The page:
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October 1997

MOVEMENTS IN SURGICAL HISTORY: An American Text-Book of Surgery

Arch Surg. 1997;132(10):1148. doi:10.1001/archsurg.1997.01430340102019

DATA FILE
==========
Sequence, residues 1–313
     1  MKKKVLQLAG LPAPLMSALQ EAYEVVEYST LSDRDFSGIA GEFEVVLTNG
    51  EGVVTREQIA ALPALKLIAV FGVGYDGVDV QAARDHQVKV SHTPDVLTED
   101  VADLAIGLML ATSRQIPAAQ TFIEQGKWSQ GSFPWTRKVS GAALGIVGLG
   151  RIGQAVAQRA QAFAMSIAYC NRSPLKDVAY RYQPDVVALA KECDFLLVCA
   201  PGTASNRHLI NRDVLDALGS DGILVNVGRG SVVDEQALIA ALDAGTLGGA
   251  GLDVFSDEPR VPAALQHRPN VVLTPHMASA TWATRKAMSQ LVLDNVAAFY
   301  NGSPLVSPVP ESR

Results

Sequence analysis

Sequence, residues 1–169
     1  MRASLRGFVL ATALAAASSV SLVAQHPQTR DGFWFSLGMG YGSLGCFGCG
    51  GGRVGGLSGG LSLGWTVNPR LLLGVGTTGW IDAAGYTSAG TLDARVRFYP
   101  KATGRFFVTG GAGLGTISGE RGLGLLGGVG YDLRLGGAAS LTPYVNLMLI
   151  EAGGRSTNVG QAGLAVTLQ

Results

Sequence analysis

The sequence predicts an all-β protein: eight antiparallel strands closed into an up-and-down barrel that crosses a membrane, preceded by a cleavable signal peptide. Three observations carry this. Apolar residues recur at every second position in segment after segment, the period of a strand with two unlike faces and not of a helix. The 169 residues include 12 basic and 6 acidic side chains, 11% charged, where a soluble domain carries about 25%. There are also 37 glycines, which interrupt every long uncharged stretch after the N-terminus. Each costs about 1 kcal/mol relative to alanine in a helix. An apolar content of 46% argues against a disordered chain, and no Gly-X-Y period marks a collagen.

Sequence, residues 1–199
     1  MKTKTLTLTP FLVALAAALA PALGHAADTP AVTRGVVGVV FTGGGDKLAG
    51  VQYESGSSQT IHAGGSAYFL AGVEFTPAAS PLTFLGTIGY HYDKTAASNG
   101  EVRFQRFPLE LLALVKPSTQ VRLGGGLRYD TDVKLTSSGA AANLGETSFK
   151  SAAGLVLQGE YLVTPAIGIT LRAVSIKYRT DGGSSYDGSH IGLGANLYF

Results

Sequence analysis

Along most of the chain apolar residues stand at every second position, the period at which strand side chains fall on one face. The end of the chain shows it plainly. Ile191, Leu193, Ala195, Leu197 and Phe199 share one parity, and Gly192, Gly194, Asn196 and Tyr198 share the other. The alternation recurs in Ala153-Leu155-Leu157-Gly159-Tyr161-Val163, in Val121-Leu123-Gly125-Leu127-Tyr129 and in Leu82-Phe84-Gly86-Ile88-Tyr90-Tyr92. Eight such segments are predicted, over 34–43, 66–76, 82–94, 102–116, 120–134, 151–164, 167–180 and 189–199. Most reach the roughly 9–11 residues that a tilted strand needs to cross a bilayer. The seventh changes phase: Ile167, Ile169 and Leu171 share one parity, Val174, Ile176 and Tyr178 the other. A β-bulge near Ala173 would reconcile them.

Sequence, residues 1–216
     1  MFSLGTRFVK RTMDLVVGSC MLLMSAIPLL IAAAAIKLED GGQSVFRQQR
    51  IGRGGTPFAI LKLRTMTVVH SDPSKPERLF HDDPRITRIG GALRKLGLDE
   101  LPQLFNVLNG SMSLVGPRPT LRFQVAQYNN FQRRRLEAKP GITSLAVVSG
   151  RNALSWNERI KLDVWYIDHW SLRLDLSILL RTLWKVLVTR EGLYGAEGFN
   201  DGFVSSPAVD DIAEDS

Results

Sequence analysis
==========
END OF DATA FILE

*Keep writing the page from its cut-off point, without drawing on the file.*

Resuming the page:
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IN THE ALMOST 4-century evolution of American surgery, a relatively select number of textbooks can be regarded as landmark publications. Within this elite grouping, William W. Keen's (1837-1924) and James W. White's (1850-1916) An American Text-Book of Surgery (1892) deserves special recognition. An important text because of its strong advocacy of Listerian principles in surgery, the preface notes "especial prominence has been given to surgical bacteriology, and to the most recent methods of treatment, particularly in relation to asepsis and antisepsis." The work fully discusses how to sterilize sutures and describes the various methods of disinfecting instruments, hands, and the field of operation. In addition, An American Text-Book of Surgery has particular importance because it was the first surgical textbook written by many authors in which only American surgeons were involved. Among the contributors were Charles H. Burnett (1842-1902), Phineas S. Conner (1839-1909), Frederic S. Dennis (1850-1934), Charles B. Nancrede

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